photographer and author, was born Mary Ernestine Hemmings at Rockhampton, Queensland. After studying to be a stenographer, she became J.F. Archibald’s secretary in Sydney in 1919. She began her journalistic career working for Smith’s Weekly and the Sydney Sun in the 1920s. After the publication of The Great Australian Loneliness in 1937 – written after several years travelling through the remotest stretches of the Australian continent – Ernestine Hill was arguably one of Australia’s most popular writers until the 1950s. Her other books include My Love Must Wait (1941), Water into Gold (1943), Flying Doctor Calling (1947) and The Territory (1951). The Great Australian Loneliness was used as briefing material for visiting American troops in World War II, and My Love Must Wait – a novel about Matthew Flinders – was a bestseller. She was also a regular contributor to Walkabout magazine and editor of the women’s pages of the ABC Weekly . Yet Ernestine Hill has been written out of orthodox Australian literary history, as Meaghan Morris notes. Indeed, the whole genre of popular travel writing has fallen out of critical favour. Hill’s voyage of discovery – personal, political, historical, cultural, geographical – also produced an archive of over 3,000 photographs (Fryer Library, Queensland University), which are quite unknown, as well as many manuscripts, letters, articles and other pieces of writing.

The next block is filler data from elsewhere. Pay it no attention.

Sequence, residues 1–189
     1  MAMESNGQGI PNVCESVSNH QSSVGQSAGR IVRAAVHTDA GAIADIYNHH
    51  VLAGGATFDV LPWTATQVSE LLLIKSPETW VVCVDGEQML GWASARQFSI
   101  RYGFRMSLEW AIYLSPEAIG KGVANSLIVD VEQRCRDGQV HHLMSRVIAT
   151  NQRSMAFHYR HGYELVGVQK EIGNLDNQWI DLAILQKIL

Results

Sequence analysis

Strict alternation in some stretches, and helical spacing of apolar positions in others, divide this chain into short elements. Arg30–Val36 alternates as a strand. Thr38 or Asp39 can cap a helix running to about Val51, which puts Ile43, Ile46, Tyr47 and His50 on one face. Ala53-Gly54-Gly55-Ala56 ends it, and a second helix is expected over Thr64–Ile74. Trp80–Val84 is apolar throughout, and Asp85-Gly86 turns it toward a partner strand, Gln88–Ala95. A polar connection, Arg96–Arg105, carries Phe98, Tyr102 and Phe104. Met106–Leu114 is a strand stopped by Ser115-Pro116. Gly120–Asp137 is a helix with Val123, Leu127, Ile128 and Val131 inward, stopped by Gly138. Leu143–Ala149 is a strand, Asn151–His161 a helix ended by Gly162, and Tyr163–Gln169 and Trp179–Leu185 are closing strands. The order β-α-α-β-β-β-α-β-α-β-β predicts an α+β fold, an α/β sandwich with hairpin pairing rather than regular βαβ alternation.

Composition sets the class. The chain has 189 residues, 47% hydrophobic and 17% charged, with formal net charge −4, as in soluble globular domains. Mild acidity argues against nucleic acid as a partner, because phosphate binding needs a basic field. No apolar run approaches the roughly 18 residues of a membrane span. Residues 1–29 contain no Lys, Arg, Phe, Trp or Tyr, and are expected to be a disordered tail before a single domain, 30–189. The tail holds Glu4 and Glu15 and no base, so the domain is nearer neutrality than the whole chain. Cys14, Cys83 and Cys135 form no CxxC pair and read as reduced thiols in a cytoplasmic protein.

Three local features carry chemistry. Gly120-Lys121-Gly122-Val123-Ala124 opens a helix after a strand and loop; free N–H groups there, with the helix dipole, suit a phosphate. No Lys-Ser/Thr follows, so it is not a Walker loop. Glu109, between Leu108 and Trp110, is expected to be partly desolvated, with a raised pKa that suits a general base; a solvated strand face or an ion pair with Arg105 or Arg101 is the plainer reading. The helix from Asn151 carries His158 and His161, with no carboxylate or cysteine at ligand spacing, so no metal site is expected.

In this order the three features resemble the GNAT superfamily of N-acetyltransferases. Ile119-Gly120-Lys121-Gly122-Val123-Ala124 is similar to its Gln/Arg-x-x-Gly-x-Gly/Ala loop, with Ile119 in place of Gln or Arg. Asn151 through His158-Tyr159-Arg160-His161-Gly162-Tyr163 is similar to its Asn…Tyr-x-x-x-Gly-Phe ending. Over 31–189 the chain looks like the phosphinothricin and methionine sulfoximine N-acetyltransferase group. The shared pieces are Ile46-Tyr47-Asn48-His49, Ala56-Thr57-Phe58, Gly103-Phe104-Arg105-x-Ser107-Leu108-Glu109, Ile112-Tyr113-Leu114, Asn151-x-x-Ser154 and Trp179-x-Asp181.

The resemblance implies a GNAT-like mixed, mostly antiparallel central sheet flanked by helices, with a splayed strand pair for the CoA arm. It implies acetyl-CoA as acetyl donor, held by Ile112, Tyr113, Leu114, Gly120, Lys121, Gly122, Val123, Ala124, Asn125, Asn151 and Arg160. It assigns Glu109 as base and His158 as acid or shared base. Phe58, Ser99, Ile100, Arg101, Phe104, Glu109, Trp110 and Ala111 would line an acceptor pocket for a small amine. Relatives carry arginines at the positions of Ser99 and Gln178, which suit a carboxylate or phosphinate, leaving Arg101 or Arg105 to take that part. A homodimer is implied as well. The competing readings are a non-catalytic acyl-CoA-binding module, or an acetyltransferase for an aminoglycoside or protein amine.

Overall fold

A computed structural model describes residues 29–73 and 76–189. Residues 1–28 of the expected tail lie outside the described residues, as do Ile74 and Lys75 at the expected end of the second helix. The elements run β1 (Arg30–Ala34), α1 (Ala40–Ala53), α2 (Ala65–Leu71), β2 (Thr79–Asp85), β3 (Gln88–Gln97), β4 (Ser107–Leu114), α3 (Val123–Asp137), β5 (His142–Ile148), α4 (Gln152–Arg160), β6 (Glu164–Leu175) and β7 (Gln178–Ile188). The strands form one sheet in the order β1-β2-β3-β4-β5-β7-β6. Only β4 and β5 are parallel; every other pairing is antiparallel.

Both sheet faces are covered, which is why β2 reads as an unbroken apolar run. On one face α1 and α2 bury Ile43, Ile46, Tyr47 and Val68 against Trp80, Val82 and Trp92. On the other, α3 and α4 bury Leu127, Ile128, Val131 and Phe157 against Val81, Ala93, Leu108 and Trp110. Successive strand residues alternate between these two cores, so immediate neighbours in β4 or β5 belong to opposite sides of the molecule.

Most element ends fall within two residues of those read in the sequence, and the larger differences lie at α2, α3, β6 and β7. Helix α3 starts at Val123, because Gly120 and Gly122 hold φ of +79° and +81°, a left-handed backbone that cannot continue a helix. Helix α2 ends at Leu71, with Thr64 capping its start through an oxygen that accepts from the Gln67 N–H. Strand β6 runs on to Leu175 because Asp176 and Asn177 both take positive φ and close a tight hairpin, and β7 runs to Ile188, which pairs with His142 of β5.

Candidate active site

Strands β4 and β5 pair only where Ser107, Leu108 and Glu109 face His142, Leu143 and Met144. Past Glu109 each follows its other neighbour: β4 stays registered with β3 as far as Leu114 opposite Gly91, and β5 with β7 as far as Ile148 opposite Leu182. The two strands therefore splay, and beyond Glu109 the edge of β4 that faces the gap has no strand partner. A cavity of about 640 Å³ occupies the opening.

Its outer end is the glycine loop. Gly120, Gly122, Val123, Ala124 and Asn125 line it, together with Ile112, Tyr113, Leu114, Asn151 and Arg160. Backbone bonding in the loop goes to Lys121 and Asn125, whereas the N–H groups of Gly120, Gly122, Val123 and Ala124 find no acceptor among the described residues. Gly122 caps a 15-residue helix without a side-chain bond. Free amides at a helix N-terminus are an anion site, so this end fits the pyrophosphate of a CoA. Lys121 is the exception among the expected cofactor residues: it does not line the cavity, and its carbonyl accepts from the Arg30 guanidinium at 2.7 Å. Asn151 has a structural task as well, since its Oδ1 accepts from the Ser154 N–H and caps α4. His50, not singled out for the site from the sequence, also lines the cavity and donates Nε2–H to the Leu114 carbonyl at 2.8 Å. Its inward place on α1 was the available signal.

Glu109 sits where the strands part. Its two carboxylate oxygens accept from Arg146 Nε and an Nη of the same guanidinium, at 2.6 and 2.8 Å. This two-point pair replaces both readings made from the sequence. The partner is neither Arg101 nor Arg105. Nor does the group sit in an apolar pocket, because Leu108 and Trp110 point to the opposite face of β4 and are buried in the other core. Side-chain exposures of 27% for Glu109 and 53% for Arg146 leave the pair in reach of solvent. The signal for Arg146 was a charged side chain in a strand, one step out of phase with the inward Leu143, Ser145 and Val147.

Ernestine Hill’s portrait, painted in 1970 by Sam Fullbrook , is in the Queensland Art Gallery. She died on 21 August 1972, aged seventy-three.